Shipping and ports from the states of Virginia south to Georgia were seriously affected in mid-September by Hurricane Florence, which claimed 17 lives.
As warnings were issued by weather centres of the approach of the Force 4 hurricane, ships were told to take precautions and many put to sea to ride out the worst of the slowly-moving hurricane. From Sept 13, ports began to be closed to all shipping.
The hurricane made landfall on Sept 14 and between then and Sept 19, the US, Coast Guard (USCG) air and surface crews had rescued 1,103 people and 419 pets. Working with local county partners, the crews had been able to assess and clear 765 miles of road and assess 23 bridges and 14 dams. Assessments at North Carolina ports had identified more than 100 problems with aids to navigation at Wilmington and Morehead City.
On Sept 16, the USCG reported its following responses in the coastal portion of North Carolina, the worst hit area with flooding from the torrential rain and the sea surge and damage to the infrastructure:
- The USCG helicopter crews from across the Service had rescued 57 people and eight pets since Hurricane Florence began;
- Its shallow water response teams were clearing roads in four counties to enable emergency crews and shallow water vessels to reach those in distress;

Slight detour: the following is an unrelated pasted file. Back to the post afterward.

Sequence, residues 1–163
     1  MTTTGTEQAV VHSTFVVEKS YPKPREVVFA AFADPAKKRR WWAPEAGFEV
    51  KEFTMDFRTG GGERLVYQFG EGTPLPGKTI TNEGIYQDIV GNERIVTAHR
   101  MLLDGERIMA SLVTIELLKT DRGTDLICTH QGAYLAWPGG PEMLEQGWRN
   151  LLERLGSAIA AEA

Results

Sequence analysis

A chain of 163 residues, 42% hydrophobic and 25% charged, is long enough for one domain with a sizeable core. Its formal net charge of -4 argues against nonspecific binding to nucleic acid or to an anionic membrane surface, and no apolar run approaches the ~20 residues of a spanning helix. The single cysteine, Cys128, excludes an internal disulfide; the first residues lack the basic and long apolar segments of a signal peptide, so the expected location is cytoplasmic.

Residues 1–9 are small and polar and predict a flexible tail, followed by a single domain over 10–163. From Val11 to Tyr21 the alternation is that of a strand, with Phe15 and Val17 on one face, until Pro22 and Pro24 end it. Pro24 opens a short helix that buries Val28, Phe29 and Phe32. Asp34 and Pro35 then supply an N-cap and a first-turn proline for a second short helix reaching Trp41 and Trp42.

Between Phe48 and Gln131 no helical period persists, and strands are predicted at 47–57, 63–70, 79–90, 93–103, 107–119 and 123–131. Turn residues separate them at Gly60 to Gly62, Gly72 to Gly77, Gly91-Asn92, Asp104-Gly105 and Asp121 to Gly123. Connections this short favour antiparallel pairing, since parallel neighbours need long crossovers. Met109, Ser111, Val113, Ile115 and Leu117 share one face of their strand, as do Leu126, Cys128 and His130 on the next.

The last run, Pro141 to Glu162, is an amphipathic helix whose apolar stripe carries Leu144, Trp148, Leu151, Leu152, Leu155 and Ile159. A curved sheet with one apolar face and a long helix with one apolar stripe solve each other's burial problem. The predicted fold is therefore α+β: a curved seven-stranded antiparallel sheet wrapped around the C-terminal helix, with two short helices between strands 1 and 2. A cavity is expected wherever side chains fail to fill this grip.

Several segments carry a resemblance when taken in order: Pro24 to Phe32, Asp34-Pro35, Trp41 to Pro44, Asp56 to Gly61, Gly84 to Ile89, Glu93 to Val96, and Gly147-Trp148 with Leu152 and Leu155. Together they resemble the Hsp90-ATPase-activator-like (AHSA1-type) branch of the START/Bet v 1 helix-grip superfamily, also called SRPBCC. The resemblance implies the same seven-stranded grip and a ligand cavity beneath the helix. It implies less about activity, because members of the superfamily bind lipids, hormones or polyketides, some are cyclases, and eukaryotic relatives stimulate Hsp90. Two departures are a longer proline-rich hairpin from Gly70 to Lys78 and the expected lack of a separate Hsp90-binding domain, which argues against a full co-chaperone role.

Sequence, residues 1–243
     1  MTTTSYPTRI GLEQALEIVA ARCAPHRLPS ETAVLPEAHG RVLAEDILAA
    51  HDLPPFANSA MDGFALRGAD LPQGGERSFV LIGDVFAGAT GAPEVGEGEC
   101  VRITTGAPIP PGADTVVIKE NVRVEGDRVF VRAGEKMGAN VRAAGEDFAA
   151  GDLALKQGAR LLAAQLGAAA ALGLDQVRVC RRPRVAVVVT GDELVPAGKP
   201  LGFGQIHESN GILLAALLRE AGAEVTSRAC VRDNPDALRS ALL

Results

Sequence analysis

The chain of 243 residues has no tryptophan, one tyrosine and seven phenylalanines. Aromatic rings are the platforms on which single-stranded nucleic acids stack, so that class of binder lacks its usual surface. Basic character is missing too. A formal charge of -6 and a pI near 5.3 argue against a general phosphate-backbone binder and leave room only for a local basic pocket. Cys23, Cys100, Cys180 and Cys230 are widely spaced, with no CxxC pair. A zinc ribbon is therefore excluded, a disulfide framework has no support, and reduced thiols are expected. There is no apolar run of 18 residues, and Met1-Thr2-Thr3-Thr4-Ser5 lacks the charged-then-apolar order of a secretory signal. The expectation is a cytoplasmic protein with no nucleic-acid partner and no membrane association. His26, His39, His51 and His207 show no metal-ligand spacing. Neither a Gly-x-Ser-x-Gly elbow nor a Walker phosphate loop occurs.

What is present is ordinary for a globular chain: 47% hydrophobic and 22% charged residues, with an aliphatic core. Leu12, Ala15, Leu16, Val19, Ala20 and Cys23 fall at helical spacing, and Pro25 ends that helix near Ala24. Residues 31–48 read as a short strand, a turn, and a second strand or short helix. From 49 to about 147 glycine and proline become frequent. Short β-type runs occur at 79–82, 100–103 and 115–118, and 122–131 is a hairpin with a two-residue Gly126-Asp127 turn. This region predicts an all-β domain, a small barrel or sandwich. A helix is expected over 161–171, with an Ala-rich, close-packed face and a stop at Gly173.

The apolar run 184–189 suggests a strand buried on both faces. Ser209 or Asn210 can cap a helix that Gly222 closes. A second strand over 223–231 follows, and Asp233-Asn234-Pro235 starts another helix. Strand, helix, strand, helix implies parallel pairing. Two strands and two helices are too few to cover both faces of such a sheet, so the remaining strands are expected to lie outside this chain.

- There were more than 3,000 Coast Guard personnel responding to the hurricane;
- A total of 35 shallow water rescue boat teams was deployed in the state;
- The USCG was conducting air operations based out of Elizabeth City and Savannah;
- The ports of Wilmington and Morehead City and Georgetown, in South Carolina, had been closed and all port operations had been suspended. The closure of a port is designated Port Condition Zulu. The USCG Captain of the Port reopened Georgetown on Sept 15 without any restrictions;
- The ports of Charleston, South Carolina, and Hampton Roads, Virginia, had been reopened but mariners were warned to take extreme caution;
- Seven USCG buoy-tending cutters had been directed to North Carolina to survey and open the ports of Wilmington and Morehead City as well as the North Carolina ferry system;
USCG helicopter crews from the Savannah Air Station had searched the entire Georgia and South Carolina coast without finding anyone in need. On Sept 16, these nine aircraft were to be deployed to Myrtle Beach to begin operating in the affected areas of North Carolina.